MyData, YourData, PyData
< All blog stories

MyData, YourData, PyData

Piramol Krishnan
Author: Piramol Krishnan Data Science Intern at Fabriq July 24, 2019

Data has a better idea

'Is there coffee? Have you seen any coffee? Do you have coffee? WHERE IS THE COFFEE?’

These questions blaze through my mind as I enter the Tower Hotel’s suite, lining up to collect my badge and T-shirt. A sea of people donning the typical programmer apparel –T-shirts, hoodies and jeans—all wait to enter the conference rooms where the first tutorials of the day will begin.

It is a particularly lovely, sunny day to be inside, staring at computer screens. Of course, it could be none other than for PyData that we do this. PyData London is an annual event for beginners, experts and industry professionals alike, where we all convene to listen and learn about the latest developments on the data science frontier. Talks are given by everyone from academics to senior data scientists and cover levels from novice to advanced. Python is one of the most popular programming languages and it is increasingly being used for data science purposes. Its open-source background means that it is continually being improved and there are always people developing dedicated libraries to enhance Python’s features.

piramol blog_python.jpg

The first day of PyData is the Tutorials Day where lectures are run as live demonstrations for everyone to follow along and code with the lecturers. It is particularly crowded in this room, so I find a space on the floor at the back. The lack of coffee becomes unbearable the longer the tutorial goes on, so I sneak out to find some source of caffeine. I find it along with some new friends. We venture forth into the next tutorial, hot drinks and muffins in hand.

piramol blog_speaker2.jpg.png

It is about CatBoost, a specific library made to optimise current Gradient Boosting techniques (an important optimisation algorithm for machine learning). The speaker is sharp, quick and the tutorial is incredibly invigorating; I relished the opportunity to learn something entirely new. She invited us to join the slack for the library but then added the disclaimer that everything would be in Russian. We break for lunch and have another two tutorials. The first day ends on a high note as I leave to enjoy the nice cool breeze by the river.

piramol blog_speaker3.jpg.png

The next two days are markedly more chaotic and crowded. Gone are the tables we had to put our laptops on. In their place are dozens more chairs all squished together to maximise the number of programmers per square area. There is a whole gamut of talks to choose from. At each time slot, there are 3 talks running simultaneously so you can choose which piques your interest. I generally stuck to the data science ones but did mix it up with some other lectures, completely outside my domain of expertise.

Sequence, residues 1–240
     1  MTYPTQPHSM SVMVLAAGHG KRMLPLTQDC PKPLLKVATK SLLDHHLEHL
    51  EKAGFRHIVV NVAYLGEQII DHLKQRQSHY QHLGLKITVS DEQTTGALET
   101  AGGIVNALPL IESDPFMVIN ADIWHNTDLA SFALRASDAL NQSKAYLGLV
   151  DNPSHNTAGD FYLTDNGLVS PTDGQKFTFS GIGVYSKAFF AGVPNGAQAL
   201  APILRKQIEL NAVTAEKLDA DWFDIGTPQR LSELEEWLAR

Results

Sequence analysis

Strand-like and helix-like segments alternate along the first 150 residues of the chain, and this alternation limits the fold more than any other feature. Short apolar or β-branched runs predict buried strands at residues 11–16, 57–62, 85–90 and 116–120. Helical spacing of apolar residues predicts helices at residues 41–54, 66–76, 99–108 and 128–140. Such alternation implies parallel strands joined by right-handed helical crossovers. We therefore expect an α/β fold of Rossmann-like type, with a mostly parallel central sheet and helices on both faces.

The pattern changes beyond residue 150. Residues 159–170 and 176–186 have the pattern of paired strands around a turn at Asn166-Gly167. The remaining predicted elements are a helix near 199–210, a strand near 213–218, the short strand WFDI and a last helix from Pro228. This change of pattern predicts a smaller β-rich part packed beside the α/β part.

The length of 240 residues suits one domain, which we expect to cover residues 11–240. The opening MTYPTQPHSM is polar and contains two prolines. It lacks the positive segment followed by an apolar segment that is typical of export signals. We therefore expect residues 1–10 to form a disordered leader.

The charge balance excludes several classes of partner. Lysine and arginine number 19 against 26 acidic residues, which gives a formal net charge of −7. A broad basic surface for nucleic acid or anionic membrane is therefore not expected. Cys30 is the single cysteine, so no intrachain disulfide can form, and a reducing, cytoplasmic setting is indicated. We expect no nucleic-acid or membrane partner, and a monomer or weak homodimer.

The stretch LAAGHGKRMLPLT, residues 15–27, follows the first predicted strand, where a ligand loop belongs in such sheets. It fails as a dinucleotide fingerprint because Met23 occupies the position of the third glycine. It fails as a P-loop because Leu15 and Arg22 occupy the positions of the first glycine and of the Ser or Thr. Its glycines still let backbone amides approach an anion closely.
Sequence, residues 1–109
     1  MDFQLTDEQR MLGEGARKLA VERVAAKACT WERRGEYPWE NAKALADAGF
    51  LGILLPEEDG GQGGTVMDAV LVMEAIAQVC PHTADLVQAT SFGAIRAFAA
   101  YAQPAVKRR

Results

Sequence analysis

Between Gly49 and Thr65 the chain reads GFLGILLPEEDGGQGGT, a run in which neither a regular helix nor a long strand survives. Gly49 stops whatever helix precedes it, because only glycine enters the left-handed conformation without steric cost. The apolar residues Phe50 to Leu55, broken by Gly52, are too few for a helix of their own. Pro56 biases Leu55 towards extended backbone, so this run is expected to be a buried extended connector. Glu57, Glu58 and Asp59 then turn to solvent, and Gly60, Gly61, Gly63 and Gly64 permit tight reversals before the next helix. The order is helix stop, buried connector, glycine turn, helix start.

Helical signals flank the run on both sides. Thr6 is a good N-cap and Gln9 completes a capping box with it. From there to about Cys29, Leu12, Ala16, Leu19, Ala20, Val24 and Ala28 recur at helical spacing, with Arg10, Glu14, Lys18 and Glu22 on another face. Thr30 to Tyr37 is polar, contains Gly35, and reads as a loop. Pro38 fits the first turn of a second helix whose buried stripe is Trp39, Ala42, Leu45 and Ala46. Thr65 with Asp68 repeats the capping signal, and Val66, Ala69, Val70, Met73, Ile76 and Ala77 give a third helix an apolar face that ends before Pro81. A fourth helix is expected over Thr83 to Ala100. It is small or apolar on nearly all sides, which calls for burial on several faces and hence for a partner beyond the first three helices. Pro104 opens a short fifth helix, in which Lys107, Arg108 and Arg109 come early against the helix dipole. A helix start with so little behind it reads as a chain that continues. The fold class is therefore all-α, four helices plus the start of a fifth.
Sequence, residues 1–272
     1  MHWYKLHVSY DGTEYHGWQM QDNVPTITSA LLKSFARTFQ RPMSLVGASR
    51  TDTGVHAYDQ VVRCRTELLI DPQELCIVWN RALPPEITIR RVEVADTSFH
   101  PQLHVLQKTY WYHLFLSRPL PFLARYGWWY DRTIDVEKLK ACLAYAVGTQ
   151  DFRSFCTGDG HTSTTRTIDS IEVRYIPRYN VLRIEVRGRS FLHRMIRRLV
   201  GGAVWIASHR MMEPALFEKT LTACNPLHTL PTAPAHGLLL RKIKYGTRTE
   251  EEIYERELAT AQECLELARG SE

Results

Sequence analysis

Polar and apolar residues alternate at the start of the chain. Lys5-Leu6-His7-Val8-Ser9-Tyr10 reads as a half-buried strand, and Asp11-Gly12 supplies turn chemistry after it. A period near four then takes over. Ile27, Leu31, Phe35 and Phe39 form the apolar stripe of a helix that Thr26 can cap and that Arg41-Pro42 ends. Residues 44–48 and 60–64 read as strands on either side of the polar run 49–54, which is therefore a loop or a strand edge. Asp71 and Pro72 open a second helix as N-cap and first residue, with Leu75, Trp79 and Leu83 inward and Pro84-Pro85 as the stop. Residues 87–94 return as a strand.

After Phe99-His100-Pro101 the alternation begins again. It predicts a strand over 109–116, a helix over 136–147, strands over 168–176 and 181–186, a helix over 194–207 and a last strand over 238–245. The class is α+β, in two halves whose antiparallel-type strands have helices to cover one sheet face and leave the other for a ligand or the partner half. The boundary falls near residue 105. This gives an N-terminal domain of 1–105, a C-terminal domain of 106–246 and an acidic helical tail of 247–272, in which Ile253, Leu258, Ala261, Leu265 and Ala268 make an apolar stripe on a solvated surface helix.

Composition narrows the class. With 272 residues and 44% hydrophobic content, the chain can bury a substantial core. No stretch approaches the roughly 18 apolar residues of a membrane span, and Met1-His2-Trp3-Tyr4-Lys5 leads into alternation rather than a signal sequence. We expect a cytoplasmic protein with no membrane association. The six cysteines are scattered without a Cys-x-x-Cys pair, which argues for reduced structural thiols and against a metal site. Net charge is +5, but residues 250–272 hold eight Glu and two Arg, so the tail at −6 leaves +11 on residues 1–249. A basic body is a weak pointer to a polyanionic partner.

piramol blog_speaker4.jpg.png

It is heartening to engage with programmers from all sorts of backgrounds. Finance, astrophysics, academia, all these paths still converging to this one conference where we use the same libraries, software and have a shared appreciation for hoodies as officewear. One of my favourite talks was about Vaex, a library for visualisation and exploration of large datasets. The main speaker and founder of the company that developed the library was affable and one of the slides was simply:

“Don’t do a live demo” – Many people

piramol blog_don&#x27;t.jpg

He then proceeded to do a live demo. It went smoothly, thankfully. During Q&A, he was asked whether the library will continue to be open-source considering that there might be clients who would want specific functionalities to be added that may only be useful to them. He responded that he believed it would always remain open-source and that in general, that is how things should be. Ideology aside, it was also more economical. Closed-source software requires maintenance by a dedicated taskforce whereas open-source software can be maintained by the community that uses it.

“Who would maintain it? Me? Then they would have to pay me again, which is stupid.”

The python community is incredibly vibrant, dynamic and friendly. At certain points during the talks I would find myself a little bit lost in the technicalities of what was being presented but I could always find someone who’d be more than happy to explain it to me. I can only hope that one day, I could be up there delivering a talk with as much grace and humour, and possibly some memes embedded into my presentation as well.